Tuesday, August 17, 2010

‘Cultural Backgrounds and popularizing a culture of non-violence’

Activity for International Year of Youth (IYY) on ‘Cultural Backgrounds and popularizing a culture of non-violence’

The International Year Of Youth (IYY) is being celebrated from 12 August 2010 to 11 August 2011 with the theme of ‘Dialogue and Mutual Understanding’.

On this occasion, I organized a short activity for it. It started off with a power point presentation telling about UNFPA, YAP and IYY.

It was followed by an activity and interactive discussion on cultural backgrounds to help accept others and popularize a culture of non-violence. The activity consisted of filling a short questionnaire asking questions such as:

  • ·       Your cultural background
  • ·       How do cultural backgrounds shape your personality?
  • ·       Your views on the acceptance of different cultures in Pakistan
  • ·       How do you think a culture of non-violence and acceptance of people of different cultural backgrounds can be promoted among young people?

This was followed by discussion over these questions and sharing ideas. A summary of which is below.

Most of people recognize their cultural background identity with their ethnic identity namely Sindhi, Gujrati, Punjabi, Urdu Speaking, etc. Some however do include their religious identity and national identity to be forming their cultural identity. As there is a debate of one first adapts culture or religion as studied by us as part of a course in the 1st semester, so the controversy and difference of opinion of the issue is natural. Interestingly though the sectarian divide wasn’t mentioned by anyone, which shows how personal it is for everyone to keep aside.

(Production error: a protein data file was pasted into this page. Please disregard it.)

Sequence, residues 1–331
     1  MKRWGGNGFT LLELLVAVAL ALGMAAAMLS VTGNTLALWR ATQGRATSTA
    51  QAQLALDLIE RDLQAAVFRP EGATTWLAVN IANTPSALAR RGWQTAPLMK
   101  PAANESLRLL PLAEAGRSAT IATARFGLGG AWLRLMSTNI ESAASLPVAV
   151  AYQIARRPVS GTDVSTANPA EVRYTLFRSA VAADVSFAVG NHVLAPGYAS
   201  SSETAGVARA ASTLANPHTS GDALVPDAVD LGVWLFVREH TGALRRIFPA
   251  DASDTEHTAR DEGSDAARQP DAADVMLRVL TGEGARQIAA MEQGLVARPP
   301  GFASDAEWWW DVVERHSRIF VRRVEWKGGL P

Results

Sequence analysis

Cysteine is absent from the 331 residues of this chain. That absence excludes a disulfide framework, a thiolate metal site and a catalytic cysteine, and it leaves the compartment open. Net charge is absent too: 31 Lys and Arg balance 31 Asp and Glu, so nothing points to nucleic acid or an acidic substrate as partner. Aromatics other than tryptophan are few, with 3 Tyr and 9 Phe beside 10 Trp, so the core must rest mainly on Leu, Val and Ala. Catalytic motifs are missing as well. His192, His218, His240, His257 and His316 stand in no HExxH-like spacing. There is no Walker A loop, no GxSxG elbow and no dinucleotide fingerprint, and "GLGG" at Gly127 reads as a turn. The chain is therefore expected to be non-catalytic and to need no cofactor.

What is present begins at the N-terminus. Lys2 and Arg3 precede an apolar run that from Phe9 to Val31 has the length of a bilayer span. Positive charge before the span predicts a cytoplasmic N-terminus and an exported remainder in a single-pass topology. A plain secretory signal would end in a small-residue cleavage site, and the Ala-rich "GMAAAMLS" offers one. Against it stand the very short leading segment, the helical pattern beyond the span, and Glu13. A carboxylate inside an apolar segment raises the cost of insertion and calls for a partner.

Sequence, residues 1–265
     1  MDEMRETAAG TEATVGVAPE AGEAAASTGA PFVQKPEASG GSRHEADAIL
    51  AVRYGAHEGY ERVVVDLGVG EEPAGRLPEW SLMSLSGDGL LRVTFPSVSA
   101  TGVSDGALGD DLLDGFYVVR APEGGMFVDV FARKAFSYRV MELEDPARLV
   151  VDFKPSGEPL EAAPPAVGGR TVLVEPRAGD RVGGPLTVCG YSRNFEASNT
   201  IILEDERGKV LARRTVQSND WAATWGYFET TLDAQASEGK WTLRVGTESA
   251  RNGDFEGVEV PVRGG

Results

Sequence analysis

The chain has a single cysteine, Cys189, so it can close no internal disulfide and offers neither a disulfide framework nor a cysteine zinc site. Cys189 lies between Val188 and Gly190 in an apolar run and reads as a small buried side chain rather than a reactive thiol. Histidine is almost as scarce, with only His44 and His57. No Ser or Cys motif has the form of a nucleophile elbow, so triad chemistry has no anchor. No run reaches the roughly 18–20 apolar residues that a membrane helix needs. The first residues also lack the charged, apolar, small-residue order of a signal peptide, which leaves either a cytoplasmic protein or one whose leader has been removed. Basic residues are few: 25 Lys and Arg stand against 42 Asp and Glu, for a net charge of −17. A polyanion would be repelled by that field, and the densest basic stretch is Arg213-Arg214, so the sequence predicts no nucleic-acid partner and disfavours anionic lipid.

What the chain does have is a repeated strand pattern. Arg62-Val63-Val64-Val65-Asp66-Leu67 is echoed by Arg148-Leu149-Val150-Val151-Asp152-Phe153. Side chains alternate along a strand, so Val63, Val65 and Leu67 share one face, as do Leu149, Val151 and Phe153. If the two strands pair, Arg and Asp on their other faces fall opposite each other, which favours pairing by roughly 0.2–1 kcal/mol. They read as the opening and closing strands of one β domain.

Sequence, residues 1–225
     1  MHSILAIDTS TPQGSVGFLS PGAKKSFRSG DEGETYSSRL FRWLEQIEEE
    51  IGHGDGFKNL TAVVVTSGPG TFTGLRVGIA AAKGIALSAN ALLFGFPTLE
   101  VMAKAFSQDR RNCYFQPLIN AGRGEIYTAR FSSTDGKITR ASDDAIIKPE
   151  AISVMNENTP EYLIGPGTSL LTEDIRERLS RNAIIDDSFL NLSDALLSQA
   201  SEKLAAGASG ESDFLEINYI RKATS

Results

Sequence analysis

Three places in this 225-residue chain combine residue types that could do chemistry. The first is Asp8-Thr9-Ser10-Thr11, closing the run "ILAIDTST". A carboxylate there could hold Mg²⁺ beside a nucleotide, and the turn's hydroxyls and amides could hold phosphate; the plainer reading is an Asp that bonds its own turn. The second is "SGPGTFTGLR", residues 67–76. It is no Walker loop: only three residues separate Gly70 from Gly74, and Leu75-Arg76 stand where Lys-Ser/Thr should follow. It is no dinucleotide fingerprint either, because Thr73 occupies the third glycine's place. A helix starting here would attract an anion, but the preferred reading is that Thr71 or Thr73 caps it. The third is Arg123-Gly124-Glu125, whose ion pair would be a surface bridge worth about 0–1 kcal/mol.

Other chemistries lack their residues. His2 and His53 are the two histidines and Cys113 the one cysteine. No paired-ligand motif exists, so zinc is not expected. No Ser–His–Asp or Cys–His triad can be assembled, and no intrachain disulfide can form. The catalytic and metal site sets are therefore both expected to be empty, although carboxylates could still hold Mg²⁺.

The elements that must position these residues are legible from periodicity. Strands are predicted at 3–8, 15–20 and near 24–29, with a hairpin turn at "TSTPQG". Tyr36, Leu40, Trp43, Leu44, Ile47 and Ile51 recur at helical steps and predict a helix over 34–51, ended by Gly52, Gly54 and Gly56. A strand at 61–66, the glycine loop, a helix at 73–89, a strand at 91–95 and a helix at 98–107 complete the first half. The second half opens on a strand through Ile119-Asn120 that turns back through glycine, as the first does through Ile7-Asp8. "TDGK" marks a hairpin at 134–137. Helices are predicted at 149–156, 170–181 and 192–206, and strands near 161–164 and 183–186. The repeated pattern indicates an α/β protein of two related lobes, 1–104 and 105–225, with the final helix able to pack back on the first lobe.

The affect of a cultural background is ambiguous however, there is no denial that it has a huge impact on our personality and our attitude towards others. Cultural backgrounds have an impact in our thinking and shape the way we perceive others, usually creating in us a bias attitude towards others. They shape the way we view others especially if they are from the same culture as us thinking they would be having the same values as us and hence, we are like-minded. Same way when we come across people who belong to another cultural background, we have a self-perceived mindset that they are ‘different’ from us making us adhere to cultural stereo-types and generalizations over people belonging to a particular culture. The identification of a cultural identity however is a hard one to look up to as it is pretty subjective and a universally unclear phenomenon. We all are living several identities at the same time, some which we strongly feel for, others we may not feel for but do make up our identity.

The acceptance ratio and tolerance towards other cultures lacks progress in our society however, it is highly essential for a peaceful society. Respect for other cultures and their values and traditions are essential for acceptance of each others. Every person is sensitive about their roots. Cultural backgrounds surely have impact on your personality but it is not the only thing to have shaped your personality. The individual is largely forgotten for what he or she is in the larger picture of what might be his or her identity as formed by culture, mother tongue, nationality, family background, upbringing, religion, etc. Educated people in Pakistan do realize this and to quite some extent practice it too. However, the trend needs to be largely promoted throughout the country.

Flexible attitudes are not easy to implement and in a volatile society like Pakistan need to be implemented with care. The best way to teach about different cultures and promote tolerance for them is through introducing courses in universities around the country regarding them varying them in terms of activities and term projects most suitable to promote the idea according to the situation in different parts of the country (i.e. in different provinces). Youth is surely the best target to breed this value in to as it is a long-term investment that would surely change the general mindset in the long run. Seminars, debates and counseling sessions may help be a catalyst in the process too. However, the importance of upbringing cannot be ignored. Elders need to teach this precious value to their children as children are close to their families and adopt their teachings in to their personalities, especially if taught at a young age.

All sorts make the world, cherish each creation!

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